With all the attention paid to the health care battle, Association of Community Organizations for Reform Now, and the president's "Full Ginsburg" appearances on five Sunday talk shows, few people noticed a hearing with an exceedingly boring title -- "Proposals to Enhance the Community Reinvestment Act" -- held last week in the House Financial Services Committee. But the session marked a key moment in the ongoing battle between Republicans and Democrats over what caused our current financial woes -- and how we might best avoid getting into the same trouble again.
At the hearing, and in others across Capitol Hill, Democratic majorities are pressing hard to expand some of the very policies that led to the reckless home lending that in turn helped lead to the great financial meltdown. If Chairman Barney Frank and his fellow Democrats have their way, we'll do it all again -- and more.
At issue last week was H.R. 1479, the Community Reinvestment Modernization Act of 2009, sponsored by Democratic Rep. Eddie Bernice Johnson. It would expand and strengthen the 1977 Community Reinvestment Act, which required banks to make loans in low-income areas that many lenders had traditionally shunned.
After the meltdown, some conservatives blamed the CRA for almost solely causing the crisis by requiring banks to make risky loans to unqualified borrowers. It was an unfair charge. "CRA had at best an incremental role in the U.S. housing debacle," says J.D. Foster, an economist at the Heritage Foundation. But CRA did help create the conditions in which disaster could occur.
The problems began in the 1990s, when Congress made it harder for lenders to do business if they had not passed the CRA "exam" -- that is, if they had not met the government-imposed standards for loans to low- and moderate-income borrowers.
"From 1995 on, there was an incredible push by the Clinton and Bush administrations in every way they could -- CRA, Fannie Mae, Freddie Mac, and other ways -- to increase the homeownership rate," says Russell Roberts, a professor of economics at George Mason University. "What that did was to push up the price of housing, and that made it imaginable to lend money to people you never would have lent money to, on terms you wouldn't have done before."
In particular, Fannie Mae began to aggressively promote homeownership using the Community Reinvestment Act to give loans to people who couldn't afford them. Fannie went to bankers and said, make as many CRA loans as you can; we'll buy them and take them off your hands. "Our approach to our lenders is 'CRA Your Way,' " top Fannie executive Jamie Gorelick told the Mortgage Bankers Association in 2001. "Fannie Mae will buy CRA loans from lenders' portfolios; we'll package them into securities; we'll purchase CRA mortgages at the point of origination. ..."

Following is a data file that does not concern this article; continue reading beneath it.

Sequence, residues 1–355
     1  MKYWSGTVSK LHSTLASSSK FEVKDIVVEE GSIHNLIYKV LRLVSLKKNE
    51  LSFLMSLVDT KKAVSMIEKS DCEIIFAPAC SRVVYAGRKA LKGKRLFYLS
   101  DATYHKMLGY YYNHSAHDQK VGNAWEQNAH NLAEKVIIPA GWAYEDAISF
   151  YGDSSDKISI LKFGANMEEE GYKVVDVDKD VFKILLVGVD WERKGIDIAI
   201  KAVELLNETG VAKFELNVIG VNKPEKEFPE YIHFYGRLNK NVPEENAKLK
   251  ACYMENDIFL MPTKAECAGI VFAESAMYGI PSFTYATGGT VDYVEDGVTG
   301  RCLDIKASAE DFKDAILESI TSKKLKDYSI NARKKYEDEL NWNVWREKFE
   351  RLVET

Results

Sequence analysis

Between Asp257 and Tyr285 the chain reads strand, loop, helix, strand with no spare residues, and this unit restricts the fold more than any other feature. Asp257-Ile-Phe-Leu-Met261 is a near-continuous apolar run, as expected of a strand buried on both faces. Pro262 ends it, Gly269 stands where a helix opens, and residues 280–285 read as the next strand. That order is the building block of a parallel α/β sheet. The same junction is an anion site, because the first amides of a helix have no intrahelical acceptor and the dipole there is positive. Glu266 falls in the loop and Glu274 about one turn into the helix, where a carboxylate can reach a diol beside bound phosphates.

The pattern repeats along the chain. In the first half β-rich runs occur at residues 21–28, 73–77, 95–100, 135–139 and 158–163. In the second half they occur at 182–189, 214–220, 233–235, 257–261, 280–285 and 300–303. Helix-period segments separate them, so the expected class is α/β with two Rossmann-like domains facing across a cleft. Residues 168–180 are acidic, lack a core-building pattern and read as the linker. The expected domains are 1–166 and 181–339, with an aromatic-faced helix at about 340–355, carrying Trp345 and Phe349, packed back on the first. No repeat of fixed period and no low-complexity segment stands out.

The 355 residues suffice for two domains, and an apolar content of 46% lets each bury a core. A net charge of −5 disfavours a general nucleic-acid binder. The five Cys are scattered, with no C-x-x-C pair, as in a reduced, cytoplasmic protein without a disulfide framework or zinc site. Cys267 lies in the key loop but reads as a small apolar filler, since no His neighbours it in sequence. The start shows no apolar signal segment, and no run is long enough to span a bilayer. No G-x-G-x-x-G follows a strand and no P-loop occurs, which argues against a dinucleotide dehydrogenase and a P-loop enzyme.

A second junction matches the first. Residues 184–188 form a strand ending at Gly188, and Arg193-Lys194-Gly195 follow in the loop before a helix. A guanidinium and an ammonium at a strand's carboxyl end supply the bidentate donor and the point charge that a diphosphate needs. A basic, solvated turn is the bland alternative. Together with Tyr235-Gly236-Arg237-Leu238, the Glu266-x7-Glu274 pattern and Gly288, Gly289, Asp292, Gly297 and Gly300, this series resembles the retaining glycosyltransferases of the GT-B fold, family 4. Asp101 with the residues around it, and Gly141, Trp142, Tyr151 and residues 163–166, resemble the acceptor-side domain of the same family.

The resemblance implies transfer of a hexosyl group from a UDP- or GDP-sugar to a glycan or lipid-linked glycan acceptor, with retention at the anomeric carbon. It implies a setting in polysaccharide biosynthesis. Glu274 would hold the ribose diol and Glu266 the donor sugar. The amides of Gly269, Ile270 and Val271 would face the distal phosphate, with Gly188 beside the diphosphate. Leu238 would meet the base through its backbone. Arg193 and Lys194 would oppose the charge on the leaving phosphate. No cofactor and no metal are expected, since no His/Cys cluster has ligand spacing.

Fannie promised to buy billions and billions of dollars worth of CRA loans because it was under pressure to do so from the Department of Housing and Urban Development, which in turn was under pressure from Congress, which set ambitious quotas for low- and moderate-income loans.
The policy ended in a lot of people losing their homes. Now, Johnson's bill would ensure more of that by applying CRA's lending requirements not just to banks but to non-bank institutions like credit unions, insurance companies, and mortgage lenders. It would also make CRA explicitly race-based by, in Johnson's words, "requiring CRA exams to explicitly consider lending and services to minorities in addition to low- and moderate-income communities."
Republicans on the Financial Services Committee strongly oppose the plan. "Instead of looking to expand the number of institutions that must abide by CRA regulations, I think we should reassess the role this and other government mandates played in the financial collapse and consider scaling it back," California Rep. Ed Royce said at the hearing.
In private conversation, other Republicans were more emphatic. "There is clearly arguable evidence that the CRA is at the root of this financial meltdown," said one GOP committee member. "So what do they do? They try to expand CRA."
That's an overstatement of CRA's role in the housing mess, but it's right about the Democratic plan. Denying that CRA, Fannie and other institutions played any role in setting the stage for disaster, they're proposing more of what helped get us into trouble in the first place. It's no way to fix the problem.
Byron York, The Examiner's chief political correspondent, can be contacted at email@example.com. His column appears on Tuesday and Friday, and his stories and blog posts appears on www.ExaminerPolitics.com ExaminerPolitics.com.